by Andrew D. Zonenberg, Ph.D
Associate Principal Security Consultant
The latest new widget just showed up on your desk. You excitedly crack open the case, look around a bit, and find a signal that looks interesting. You fire up your oscilloscope, touch a probe to the signal, and... the widget won't boot! Or maybe it works fine, but you see garbage on the scope screen that looks nothing like a useful digital waveform.
It's a problem that's becoming all too familiar to hardware hackers. As technology advances, signals become faster, which makes them more sensitive and less tolerant to the sloppy wiring and probing techniques commonly used in reverse engineering. Even cheap SPI flash can run at 100+ MHz in modern designs.
This article will focus on practical problems and solutions for analyzing existing boards, without digging too deep into the more advanced electrical engineering theory needed for design of high speed logic. For a more in-depth treatment of the subject, High Speed Digital Design: A Handbook of Black Magic (1993) by Howard Johnson & Martin Graham is an excellent read, as well as its successor High Speed Signal Propagation: Advanced Black Magic (2003).
|If your probing setups look like this, you're going to have a bad time reversing modern hardware!
At this level, the main thing to be aware of is that electrical signals move through wires at a finite speed, typically around 0.6-0.7x the speed of light (roughly six inches per nanosecond), and that changing cable characteristics (more specifically, impedance) causes an impact on the signal whose duration in time is proportional to their length.
Before we proceed any further I'd also like to introduce an abbreviation from the test equipment world that you may not be familiar with: DUT (Device Under Test). This is a fancy way of saying "the thing you're trying to probe".
Avoid Long Messes of Wires
In the photo above, a JTAG adapter was connected to the DUT with several feet of wire, without paying any attention to impedance or termination. The JTAG software was unable to detect the processor. When an oscilloscope was connected to the TCK signal on the DUT, the signal looked like this:
|JTAG TCK signal with long wires
The rising edge of the clock signal climbs for a while, then dips, then continues climbing to its full value. These non-monotonic edges are a big problem! If the position of the dip happens to line up with the threshold of the device's input pin, it will see two rising edges instead of one, resulting in a bit of data being duplicated.
You might be tempted to reduce the clock frequency of the JTAG adapter in this case, but this won't help: all it will do is move the rising and falling edges further apart without changing their shape. Fast edges at 1 kHz are just as vulnerable as edges at many MHz.
Adding filtering to slow down the edge rate (at the cost of reducing the max operating speed), adding a ~33Ω series terminating resistor at the source end of the wire, or playing with ground geometry to match the impedance of the cable more precisely can all help. In most cases, however, the easiest solution is simply to shorten the wires.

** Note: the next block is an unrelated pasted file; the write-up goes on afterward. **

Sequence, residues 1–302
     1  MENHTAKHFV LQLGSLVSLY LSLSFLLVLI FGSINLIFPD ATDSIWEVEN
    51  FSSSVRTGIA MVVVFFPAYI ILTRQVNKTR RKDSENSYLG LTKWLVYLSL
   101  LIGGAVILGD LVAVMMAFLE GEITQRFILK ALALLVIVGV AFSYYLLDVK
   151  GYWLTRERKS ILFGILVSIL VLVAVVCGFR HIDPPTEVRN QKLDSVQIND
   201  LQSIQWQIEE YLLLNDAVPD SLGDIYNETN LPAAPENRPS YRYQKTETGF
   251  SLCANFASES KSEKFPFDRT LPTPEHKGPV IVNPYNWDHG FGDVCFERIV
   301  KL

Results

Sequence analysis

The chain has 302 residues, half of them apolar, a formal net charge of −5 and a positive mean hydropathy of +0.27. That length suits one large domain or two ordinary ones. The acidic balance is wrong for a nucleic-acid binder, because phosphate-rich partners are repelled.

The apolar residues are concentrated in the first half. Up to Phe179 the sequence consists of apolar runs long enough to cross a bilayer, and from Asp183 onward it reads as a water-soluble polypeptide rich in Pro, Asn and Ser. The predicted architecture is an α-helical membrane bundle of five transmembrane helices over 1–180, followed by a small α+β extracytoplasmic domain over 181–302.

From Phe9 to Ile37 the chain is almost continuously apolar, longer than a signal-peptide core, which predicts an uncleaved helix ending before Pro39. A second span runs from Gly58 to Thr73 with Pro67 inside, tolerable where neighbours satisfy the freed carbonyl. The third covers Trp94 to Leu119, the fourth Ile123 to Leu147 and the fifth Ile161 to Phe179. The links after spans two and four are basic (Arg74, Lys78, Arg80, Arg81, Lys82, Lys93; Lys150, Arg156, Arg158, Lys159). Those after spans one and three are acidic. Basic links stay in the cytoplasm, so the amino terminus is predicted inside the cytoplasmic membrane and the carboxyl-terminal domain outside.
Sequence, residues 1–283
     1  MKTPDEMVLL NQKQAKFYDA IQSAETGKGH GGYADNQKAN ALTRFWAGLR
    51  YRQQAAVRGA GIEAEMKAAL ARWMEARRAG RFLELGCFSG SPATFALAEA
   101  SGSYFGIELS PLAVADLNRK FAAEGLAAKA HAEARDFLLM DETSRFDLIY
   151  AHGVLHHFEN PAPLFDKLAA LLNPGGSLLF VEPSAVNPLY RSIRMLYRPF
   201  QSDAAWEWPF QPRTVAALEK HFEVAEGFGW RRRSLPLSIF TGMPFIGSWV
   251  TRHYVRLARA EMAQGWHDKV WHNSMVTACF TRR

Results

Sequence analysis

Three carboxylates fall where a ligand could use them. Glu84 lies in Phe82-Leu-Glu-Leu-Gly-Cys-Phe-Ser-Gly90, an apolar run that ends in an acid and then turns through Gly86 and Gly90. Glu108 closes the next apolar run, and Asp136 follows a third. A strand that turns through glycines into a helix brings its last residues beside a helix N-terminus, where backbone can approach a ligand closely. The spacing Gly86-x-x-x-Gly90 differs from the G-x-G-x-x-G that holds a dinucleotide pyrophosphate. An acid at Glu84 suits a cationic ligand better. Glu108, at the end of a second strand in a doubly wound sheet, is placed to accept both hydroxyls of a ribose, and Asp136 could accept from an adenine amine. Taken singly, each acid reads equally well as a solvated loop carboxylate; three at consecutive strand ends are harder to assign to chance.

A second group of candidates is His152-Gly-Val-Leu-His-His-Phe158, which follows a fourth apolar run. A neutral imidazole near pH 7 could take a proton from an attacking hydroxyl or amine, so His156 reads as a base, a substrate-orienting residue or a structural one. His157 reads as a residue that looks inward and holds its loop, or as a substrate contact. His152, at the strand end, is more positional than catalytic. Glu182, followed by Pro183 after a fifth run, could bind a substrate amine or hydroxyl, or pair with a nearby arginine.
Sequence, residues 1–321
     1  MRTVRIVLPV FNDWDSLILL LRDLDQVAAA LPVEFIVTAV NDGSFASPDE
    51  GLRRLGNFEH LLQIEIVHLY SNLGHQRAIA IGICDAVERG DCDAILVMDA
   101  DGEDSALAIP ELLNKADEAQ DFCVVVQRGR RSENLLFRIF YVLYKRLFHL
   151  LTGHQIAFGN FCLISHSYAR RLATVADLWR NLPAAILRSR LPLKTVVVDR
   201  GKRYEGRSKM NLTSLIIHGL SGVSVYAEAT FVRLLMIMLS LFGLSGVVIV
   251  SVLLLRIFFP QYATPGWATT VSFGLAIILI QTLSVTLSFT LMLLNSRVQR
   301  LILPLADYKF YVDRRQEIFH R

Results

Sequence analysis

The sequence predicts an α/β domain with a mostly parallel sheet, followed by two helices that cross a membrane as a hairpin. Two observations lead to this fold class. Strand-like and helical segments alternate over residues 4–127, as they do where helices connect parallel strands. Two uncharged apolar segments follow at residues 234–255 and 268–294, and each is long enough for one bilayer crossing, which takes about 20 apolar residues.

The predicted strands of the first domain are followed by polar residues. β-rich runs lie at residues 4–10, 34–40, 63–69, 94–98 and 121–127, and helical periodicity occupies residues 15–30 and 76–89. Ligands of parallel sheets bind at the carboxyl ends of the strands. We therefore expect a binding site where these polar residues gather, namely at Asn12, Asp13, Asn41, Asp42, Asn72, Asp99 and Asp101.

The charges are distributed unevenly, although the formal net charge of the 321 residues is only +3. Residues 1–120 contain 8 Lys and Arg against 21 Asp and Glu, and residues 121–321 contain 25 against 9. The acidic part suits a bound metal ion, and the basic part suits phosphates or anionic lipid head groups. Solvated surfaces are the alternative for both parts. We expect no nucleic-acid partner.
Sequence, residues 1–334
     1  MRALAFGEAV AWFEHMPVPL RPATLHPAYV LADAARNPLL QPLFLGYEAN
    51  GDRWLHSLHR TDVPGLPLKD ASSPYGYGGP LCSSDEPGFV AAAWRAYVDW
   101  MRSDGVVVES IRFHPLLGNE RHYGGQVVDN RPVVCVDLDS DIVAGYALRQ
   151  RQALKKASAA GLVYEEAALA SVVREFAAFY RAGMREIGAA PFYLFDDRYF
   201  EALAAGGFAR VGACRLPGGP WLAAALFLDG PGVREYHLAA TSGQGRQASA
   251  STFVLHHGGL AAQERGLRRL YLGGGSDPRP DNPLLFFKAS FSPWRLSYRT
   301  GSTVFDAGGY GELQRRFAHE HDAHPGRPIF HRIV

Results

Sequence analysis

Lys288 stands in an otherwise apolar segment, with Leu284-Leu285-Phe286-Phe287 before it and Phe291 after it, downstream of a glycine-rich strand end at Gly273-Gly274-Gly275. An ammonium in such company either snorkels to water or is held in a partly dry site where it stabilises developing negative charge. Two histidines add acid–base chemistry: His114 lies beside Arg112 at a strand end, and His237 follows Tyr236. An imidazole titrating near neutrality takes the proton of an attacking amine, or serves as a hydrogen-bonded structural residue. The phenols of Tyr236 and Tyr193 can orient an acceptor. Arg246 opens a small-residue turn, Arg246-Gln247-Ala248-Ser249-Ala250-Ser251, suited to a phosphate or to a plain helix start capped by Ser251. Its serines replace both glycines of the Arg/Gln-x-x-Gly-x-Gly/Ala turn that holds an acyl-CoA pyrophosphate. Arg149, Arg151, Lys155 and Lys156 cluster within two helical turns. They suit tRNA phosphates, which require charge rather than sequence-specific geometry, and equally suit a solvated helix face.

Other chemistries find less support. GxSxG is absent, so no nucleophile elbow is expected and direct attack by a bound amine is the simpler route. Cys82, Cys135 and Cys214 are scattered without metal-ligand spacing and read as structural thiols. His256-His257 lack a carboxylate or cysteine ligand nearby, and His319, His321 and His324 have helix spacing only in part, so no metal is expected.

|No more spaghetti!
|JTAG signal with shorter wires
If you look closely a small defect on the edge is still visible since the ribbon cable isn't impedance matched, but it's much smaller because the mismatched cable length is shorter. At this edge rate, this sort of defect shouldn't be a problem since it doesn't dip, it just stops rising momentarily. When dealing with sharper edges, you might want to shorten the cable even further. You should also...
Properly Secure Wires
|Kapton tape securing a solder-in probe tip
|Wires secured with UV glue
Probe holders: There's a wide range of these available, ranging from DIY 3D printed bipods to $500+ three-axis micrometer jigs. More temporary in nature than any kind of adhesive, but useful for any time you want to look at more than a handful of signals while keeping your hands free. These get the probe tip right up against the board without any additional wire, which is great for probing faster signals.
|Probe held in a bipod positioner
Avoid Long Probe Grounds
|10 MHz clock seen through a 10MΩ probe with a long ground wire
|Test signal with no probe
In this screenshot we see three different signals:
- Blue: The signal as seen through the probe (flatlined, since the probe isn't on the board yet).
- Pink: The signal internal to the DUT
- Yellow: A snapshot of the pink waveform frozen in time. Right now they're identical, but if the probe alters behavior of the DUT you'll see them deviate.
To start, let's use a standard 10MΩ passive scope probe (a Teledyne LeCroy PP022) and an alligator clip ground.
|Probing the easy, obvious way.
|And here's what the scope sees
The signal is completely unrecognizable through the probe! In addition to causing ringing on edges, the inductance of the long ground lead destroys high frequency performance.
A spring ground is a bit trickier to use since you have to find a good ground point fairly close to the signal you're probing on the DUT, but gives a much nicer looking view of the signal.
|Using a spring ground
|Waveform seen with the spring ground
That's a lot better looking: the edges are rounded off and not as square looking as they should be, but that's an inherent limitation of this probe (500 MHz bandwidth). Individual data bits are clearly readable, so all is well... right?
Wrong. Take a look at the signal on the DUT (pink waveform)! There's huge dips in it. This might well be enough to corrupt data and render the DUT nonfunctional. This brings us to our next topic...
Beware of Probe Loading
|Probing our test setup using a transmission line probe (Pico TA061)
|Waveform seen through the transmission line probe
|Waveform seen through transmission line probe with spring ground
Open Hardware High-Speed Probes
|AKL-PT2 soldered to a board
|Same Ethernet test signal seen through the AKL-PT1